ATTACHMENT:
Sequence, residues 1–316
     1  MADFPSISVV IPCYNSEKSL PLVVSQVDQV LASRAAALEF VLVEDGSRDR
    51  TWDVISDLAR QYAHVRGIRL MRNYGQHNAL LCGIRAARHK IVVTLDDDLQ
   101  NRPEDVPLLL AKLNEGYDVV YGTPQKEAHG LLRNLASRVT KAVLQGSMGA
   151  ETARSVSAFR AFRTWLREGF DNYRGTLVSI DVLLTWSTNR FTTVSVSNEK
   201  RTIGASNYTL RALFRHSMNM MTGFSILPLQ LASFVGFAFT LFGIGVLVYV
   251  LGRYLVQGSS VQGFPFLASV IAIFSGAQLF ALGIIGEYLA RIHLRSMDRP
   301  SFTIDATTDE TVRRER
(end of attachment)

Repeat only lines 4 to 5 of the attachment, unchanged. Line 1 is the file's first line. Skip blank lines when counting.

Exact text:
   101  NRPEDVPLLL AKLNEGYDVV YGTPQKEAHG LLRNLASRVT KAVLQGSMGA
   151  ETARSVSAFR AFRTWLREGF DNYRGTLVSI DVLLTWSTNR FTTVSVSNEK